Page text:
Days and Lives :: Prisoners

Jacques Rossi

Introduction

Born to a wealthy French family in Lyons, Jacques Rossi became a committed communist at a young age and joined the Polish Communist Party at the age of seventeen. At 20 he became a secret agent of the Comintern. In 1937, while on a mission in Spain, Rossi was asked to return to Moscow where he was charged with espionage for France and Poland and sentenced to eight years in Butyrka prison. In 1947 he received conditional release only to be once again sentenced in 1948 to a 25-year term on charges of espionage, this time for France, England, and the United States. Rossi, who became known as “the Frenchman” by his Gulag companions, was finally released in 1956. Upon release he returned to France and devoted his life to recounting his experiences in the Gulag.

Arrest

Upon his arrest, Rossi was asked to fill out his papers. "Family name, given name, member of the party or not, date of birth, place of birth, nationality… an entire page of questions I answered mechanically, still not understanding why? Rossi Jacques Robertovitch. I flipped through pages containing a multitude of questions. I arrived at the last page and read: Signature of the accused. Of the accused! I was “accused”! I returned to the beginning of the questionnaire, I reread the heading on the first page that I had not even looked at that stated in enormous letters: QUESTIONNAIRE OF THE ACCUSED. In my confusion, I had skipped this line… but when we do not want to accept reality! Yes this was happening to me. Later on in prison, I continued for a while to not want to hear the groans of those being tortured."

Labor

The inmates were entitled to one day off for every ten days of work, but no days off if they were unable to work due to bad weather conditions: “When that was the case they would leave us in the cells and that day of not working replaced our regular day off. If the blizzard or storm lasted three days straight, that was it for the month, no days off. When it lasted six days in a row, an exceptional phenomenon, we subsequently worked two months straight.”

Suffering

“Below 40 you’d feel every additional half-a-degree in your skin and you’d feel your bones freeze. Below 50, you’d struggle to open your eyelids; every breath felt like a knife being plunged into your lungs. The lowest temperature I can recall was 57 below. It happened only once for two consecutive nights… You’d pull your bonnet to your eyes and you’d rap your neck and face with a rag. Your breathing would form ice as it froze. Of course you didn’t have anything resembling a handkerchief. You’d continuously try to blow off the ice forming at the tip of your nose and some would clear their noses in case it froze.”

Propaganda

“Below 40 you’d feel every additional half-a-degree in your skin and you’d feel your bones freeze. Below 50, you’d struggle to open your eyelids; every breath felt like a knife being plunged into your lungs. The lowest temperature I can recall was 57 below. It happened only once for two consecutive nights… You’d pull your bonnet to your eyes and you’d rap your neck and face with a rag. Your breathing would form ice as it froze. Of course you didn’t have anything resembling a handkerchief. You’d continuously try to blow off the ice forming at the tip of your nose and some would clear their noses in case it froze.”

Solidarity

After having arrived in his jail cell from a night-long torturing session: “At around five in the morning they were bringing me back to my jail cell where I could theoretically eat a cloud soup from the previous evening. I would not eat because I was too anxious, too upset. I would lie on the planks. My jail mates would crowd around me; they’d take my shoes off and massage my legs. There was always one jail mate with a little bit of money who would buy a sweet at the cafeteria and would give me a piece to make me feel better. This was done out of solidarity.”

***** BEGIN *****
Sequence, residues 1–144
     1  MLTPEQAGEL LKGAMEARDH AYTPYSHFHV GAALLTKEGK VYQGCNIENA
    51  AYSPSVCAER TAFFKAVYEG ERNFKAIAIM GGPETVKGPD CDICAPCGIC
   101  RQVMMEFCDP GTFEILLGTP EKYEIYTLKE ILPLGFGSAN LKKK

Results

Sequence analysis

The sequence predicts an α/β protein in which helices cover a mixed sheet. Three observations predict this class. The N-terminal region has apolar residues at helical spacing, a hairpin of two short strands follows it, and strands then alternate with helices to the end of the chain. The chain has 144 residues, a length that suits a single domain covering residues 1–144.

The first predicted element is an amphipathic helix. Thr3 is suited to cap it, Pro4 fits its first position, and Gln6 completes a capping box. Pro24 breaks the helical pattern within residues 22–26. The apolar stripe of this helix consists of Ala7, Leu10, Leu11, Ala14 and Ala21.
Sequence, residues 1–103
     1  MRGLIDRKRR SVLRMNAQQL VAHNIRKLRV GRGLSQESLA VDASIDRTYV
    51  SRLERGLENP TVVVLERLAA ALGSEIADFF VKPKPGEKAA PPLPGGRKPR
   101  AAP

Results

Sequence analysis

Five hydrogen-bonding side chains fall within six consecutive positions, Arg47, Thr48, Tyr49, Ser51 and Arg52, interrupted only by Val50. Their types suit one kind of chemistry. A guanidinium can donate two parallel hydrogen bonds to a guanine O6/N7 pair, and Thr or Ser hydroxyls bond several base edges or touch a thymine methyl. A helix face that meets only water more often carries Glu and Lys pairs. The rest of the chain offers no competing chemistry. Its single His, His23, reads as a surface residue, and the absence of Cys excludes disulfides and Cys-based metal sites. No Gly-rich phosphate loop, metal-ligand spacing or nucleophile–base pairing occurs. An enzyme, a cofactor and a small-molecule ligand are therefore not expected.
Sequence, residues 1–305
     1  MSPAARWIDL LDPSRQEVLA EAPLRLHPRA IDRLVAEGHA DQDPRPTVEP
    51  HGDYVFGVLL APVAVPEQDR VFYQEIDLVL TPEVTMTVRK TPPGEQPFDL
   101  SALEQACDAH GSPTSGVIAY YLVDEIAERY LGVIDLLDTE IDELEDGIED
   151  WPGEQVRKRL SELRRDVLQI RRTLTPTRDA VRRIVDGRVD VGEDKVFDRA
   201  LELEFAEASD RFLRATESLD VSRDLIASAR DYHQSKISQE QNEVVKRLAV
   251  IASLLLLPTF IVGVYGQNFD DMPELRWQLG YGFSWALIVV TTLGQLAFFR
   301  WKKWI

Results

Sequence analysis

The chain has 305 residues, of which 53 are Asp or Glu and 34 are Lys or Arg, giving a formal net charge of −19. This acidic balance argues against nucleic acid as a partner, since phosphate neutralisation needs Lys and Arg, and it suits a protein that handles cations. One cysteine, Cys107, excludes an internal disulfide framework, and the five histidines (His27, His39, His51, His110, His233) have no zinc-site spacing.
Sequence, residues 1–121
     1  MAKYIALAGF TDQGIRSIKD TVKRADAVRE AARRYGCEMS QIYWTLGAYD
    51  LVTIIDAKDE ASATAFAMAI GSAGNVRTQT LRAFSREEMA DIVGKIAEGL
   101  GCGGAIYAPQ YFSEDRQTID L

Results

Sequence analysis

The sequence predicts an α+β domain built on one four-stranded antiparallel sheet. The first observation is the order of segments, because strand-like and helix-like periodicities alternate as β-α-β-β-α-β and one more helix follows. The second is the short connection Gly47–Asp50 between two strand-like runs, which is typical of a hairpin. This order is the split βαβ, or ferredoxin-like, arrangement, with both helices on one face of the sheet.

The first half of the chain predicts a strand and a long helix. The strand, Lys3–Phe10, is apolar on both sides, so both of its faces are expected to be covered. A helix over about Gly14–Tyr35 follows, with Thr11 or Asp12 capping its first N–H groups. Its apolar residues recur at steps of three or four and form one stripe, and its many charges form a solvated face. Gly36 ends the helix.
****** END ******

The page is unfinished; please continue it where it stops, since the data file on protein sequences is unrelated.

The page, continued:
Conflict

“Even if I would swallow my six hundred grams of black bread, an inmate’s permitted daily portion of bread, all at once, my hunger would remain. Besides, such haste would not be unjustified. In the crowded cells, it sometimes happened that you’d have the piece of bread you hadn’t yet swallowed ripped out of your mouth by another inmate.”

Guards

“As the inmates would leave to go to their work sites, they would at times come across one or more corpses lying on the ground outside the prison gates. These were escaped prisoners who were caught and beaten to death by a guard who didn’t appreciate the prisoner’s companionship outside the prison gates. The corpses would remain there for many days as an example. This was an old tradition from the nineteen twenties. And as with all other institutions that hold themselves in high regards, the gulag holds on to its traditions.”

Survival

“In the Butyrka prison, at a certain point, I succeeded in placing a match in the wall. On this match I was able to hang my shirt, because, when we slept one stuck to the other, we would sweat and it was disgusting to always wear this same wet shirt. It was an extraordinary comfort to be able to hang my shirt above my head on the wall thanks to this match being help by bread, because wet bread can hold as strong cement. This match remained there for a while. Luckily the guards didn’t get mad… This comfort, you see, I searched for it in all possible conditions.”

Fates

Explaining how and why he survived, Jacques states: “I was in good health, I wasn’t sufficiently beaten up, I didn’t have any family and therefore wasn’t vulnerable, I was forever curious about the others and I wanted to understand what was happening to us. And I read and studied. Basically, I was lucky.”

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